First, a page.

How Treatment Works

How Treatment Works

Wastewater treatment is essential to protect our water resources, the environment and human health.

What is wastewater?

Wastewater, liquid waste, and sewage are terms for "used" water and the wastes that it carries. Basically, they are terms for what is flushed down the toilet or washed down the drain. It includes fats and grease, organics, minerals and chemicals in solution/ suspension in the water. Wastewater can also include rain water, groundwater or snow melt (inflow and infiltration) that make their way into sewer pipes.

How does wastewater move from households/businesses to a treatment facility?

Wastewater from households and businesses drains into a network of pipes maintained by sewer serviced municipalities and the Regional District of Nanaimo. Sewer system pipes are built to follow the natural slope of land, generally flowing towards the sea front. This design allows gravity to do most of the work transporting the wastewater to one of four wastewater treatment facilities. For residential areas that are lower than adjacent lands or treatment plants, the wastewater must pass through a pumping station to pump the liquid into a facility.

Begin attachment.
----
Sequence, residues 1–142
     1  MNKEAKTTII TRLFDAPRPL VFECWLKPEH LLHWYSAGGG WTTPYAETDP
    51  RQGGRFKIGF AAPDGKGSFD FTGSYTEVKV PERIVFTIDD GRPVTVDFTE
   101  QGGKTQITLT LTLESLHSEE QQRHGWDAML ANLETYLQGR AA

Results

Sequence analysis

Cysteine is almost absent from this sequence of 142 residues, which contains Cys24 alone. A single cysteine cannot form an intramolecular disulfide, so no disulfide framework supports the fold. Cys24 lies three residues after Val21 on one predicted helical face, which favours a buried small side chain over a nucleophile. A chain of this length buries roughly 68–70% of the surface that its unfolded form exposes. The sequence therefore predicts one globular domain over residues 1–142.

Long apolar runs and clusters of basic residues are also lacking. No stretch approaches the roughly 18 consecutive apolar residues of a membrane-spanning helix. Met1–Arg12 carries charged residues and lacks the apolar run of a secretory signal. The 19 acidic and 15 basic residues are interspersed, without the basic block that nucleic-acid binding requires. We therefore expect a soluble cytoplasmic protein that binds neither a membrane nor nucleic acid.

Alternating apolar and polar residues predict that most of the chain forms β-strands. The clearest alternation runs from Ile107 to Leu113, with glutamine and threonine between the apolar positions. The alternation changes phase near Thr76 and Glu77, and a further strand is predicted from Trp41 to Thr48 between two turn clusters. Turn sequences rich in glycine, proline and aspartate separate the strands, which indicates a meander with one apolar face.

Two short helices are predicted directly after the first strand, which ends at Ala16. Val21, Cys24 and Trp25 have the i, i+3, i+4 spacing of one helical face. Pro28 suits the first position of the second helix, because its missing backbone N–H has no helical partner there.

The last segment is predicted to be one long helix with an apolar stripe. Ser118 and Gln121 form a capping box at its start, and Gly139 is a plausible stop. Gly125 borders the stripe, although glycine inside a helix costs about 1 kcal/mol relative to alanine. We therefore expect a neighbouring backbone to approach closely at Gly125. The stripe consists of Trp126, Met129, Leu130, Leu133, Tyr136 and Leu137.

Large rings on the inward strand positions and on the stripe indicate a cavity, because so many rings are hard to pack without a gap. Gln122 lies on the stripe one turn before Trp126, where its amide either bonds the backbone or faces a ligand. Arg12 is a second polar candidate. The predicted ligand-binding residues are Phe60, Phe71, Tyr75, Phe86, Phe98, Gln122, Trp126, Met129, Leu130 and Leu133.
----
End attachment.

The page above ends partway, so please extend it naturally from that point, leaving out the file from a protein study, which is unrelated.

What are the different types of wastewater treatment?

1. Preliminary Treatment

Wastewater is pumped and gravity fed into the treatment plant through the headworks, which is composed of screens and grit tanks. The screens remove rags, wipes, sticks, plastic and larger objects. Grit tanks settle out heavy particles like sand and stones. The screenings and grit are transported to the Regional Landfill for disposal.

2. Primary Treatment

Following preliminary treatment, the wastewater flows into a primary settling tank where it is held for several hours allowing solid particles to settle to the bottom of the tank. Fats, oil and grease are skimmed from the tanks, dried and sent to the landfill. The settled particles, known as primary sludge, is collected and pumped to a digester or holding tanks for further treatment into into reusable biosolids. Water is removed from the biosolids, surplus water from the dewatering process is returned to the headworks.